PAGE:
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Jazz Improvisation Fundamentals Part 4: Internalizing Chord Changes

In this last article, Doug Stone (Assistant Professor of Jazz Studies at Louisiana State University, LA, USA) shares how you can improvise over anything. Apply it to your favorite songs and enjoy them more than ever.
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I recommend practicing the following process on chord changes to any tune. Ultimately, you need to be able to do this on the tunes without looking at a lead sheet ‚ÄĒ truly learn the chord changes. I believe it is beneficial to start the process with scales and then draw the chord tones out of the scales. The more chord progressions learned using the process, the quicker and easier it will become to do it.

The Process has been adapted from Jamey Aebersold’s Jazz Handbook. Its steps are:

Whole Notes

  1. Play the first note of each chord/scale in whole notes.
  2. Improvise using the first note of each chord/scale. Simply add improvised rhythms, making sure to change notes when the chord changes.

Three Notes

  1. Play the first three notes of each chord/scale: quarter-note/quarter-note/half-note.
    1. Ascend on each measure.
    2. Ascend on the first measure, descend on the second measure, then alternate up and down for the whole form.
    3. Descend on the first measure, ascend on the second measure, then alternate down and up for the whole form.
    4. Descend on each measure.
  2. Improvise using only the first three notes of each chord/scale. Make sure to change notes when the chord changes.

Five Notes

  1. Play the first five notes of each chord/scale: eighth/eighth/eighth/eighth/half.
    1. Ascend on each measure.
    2. Ascend on the first measure, descend on the second measure, then alternate up and down for the whole form.
    3. Descend on the first measure, ascend on the second measure, then alternate down and up for the whole form.
    4. Descend on each measure.
  2. Improvise using only the first five notes of each chord/scale. Make sure to change notes when the chord changes.

Full Scale

  1. Play the whole scale in eighth notes.

    1. Ascend on each measure.
    2. Ascend on the first measure, descend on the second measure, then alternate up and down for the whole form.
    3. Descend on the first measure, ascend on the second measure, then alternate down and up for the whole form.
    4. Descend on each measure.
  2. Improvise using all the notes of the scale. Make sure to change notes when the chord changes.

Chord-Tones

  1. Play scale degrees 1, 3, 5, 7 of the scale in eighth notes.
    1. Ascend on each measure.
    2. Ascend on the first measure, descend on the second measure, then alternate up and down for the whole form.
    3. Descend on the first measure, ascend on the second measure, then alternate down and up for the whole form.
    4. Descend on each measure.
  2. Play scale degrees 3, 5, 7, 1 of the scale in eighth notes (1st inversion).
    1. Ascend on each measure.
    2. Ascend on the first measure, descend on the second measure, then alternate up and down for the whole form.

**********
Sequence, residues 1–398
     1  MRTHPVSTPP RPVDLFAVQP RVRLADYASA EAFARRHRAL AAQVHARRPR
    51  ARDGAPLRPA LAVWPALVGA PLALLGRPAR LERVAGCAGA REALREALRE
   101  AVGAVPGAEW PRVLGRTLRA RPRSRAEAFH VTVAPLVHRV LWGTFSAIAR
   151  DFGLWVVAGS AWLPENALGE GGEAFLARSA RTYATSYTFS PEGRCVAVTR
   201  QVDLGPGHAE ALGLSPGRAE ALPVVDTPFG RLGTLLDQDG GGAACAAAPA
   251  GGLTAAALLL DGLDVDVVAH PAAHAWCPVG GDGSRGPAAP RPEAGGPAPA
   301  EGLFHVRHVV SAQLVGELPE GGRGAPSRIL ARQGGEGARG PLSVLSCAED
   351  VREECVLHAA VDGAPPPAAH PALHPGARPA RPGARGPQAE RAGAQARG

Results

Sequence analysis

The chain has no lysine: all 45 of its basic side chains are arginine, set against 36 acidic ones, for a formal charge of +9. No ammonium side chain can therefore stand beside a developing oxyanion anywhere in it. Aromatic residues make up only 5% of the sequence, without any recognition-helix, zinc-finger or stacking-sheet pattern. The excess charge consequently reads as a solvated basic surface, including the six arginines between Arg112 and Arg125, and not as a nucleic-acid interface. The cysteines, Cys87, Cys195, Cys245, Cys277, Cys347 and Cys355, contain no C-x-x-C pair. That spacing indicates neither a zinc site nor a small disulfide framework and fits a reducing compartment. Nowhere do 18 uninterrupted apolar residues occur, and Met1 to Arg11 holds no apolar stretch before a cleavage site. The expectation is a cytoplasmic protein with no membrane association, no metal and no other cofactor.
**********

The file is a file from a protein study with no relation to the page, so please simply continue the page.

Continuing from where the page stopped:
3. Descend on the first measure, ascend on the second measure, then alternate down and up for the whole form.
    4. Descend on each measure.
  3. Play scale degrees 5, 7, 1, 3 of the scale in eighth notes (2nd inversion).
    1. Ascend on each measure.
    2. Ascend on the first measure, descend on the second measure, then alternate up and down for the whole form.
    3. Descend on the first measure, ascend on the second measure, then alternate down and up for the whole form.
    4. Descend on each measure.
  4. Play scale degrees 7, 1, 3, 5 of the scale in eighth notes (3rd inversion).
    1. Ascend on each measure.
    2. Ascend on the first measure, descend on the second measure, then alternate up and down for the whole form.
    3. Descend on the first measure, ascend on the second measure, then alternate down and up for the whole form.
    4. Descend on each measure.
  5. Improvise using 1, 3, 5, 7 of each chord. Make sure to change notes when the chord changes.

Practicing What You Have Learned

  1. Write down and improvise running scalar eighth-note lines with chord-tones on down-beats, connected by non-chord-tone and chromatic notes on up-beats. For example:
  2. Repeat the entire process in all keys.

The following list has a few tunes that I recommend to practice following the process I have previously explained:

  • Blues¬†(Anonymous).
  • Doxy¬†(Sonny Rollins).
  • Lady Bird¬†(Tadd Dameron).
  • Tune Up¬†(Sonny Stitt).
  • Groovin‚Äô High¬†(Dizzy Gillespie).
  • Four¬†(Miles Davis).
  • How High The Moon¬†(Nancy Hamilton-Morgan Lewis).
  • Rhythm Changes¬†(Anonymous).
  • Autumn Leaves¬†(Joseph Kosma and Jacques Pr√©vert/Johnny Mercer).
  • Blue Bossa¬†(Kenny Dorham).
  • There Will Never Be Another You¬†(Harry Warren and Mack Gordon).
  • What Is This Thing Called Love¬†(Cole Porter).
  • Have You Met Miss Jones¬†(Richard Rodgers and the lyrics by Lorenz Hart).
  • I Love You¬†(Cole Porter).
  • Alone Together¬†(Arthur Schwartz and Howard Dietz).
  • Softly As In A Morning Sunrise¬†(Sigmund Romberg and Oscar Hammerstein II).

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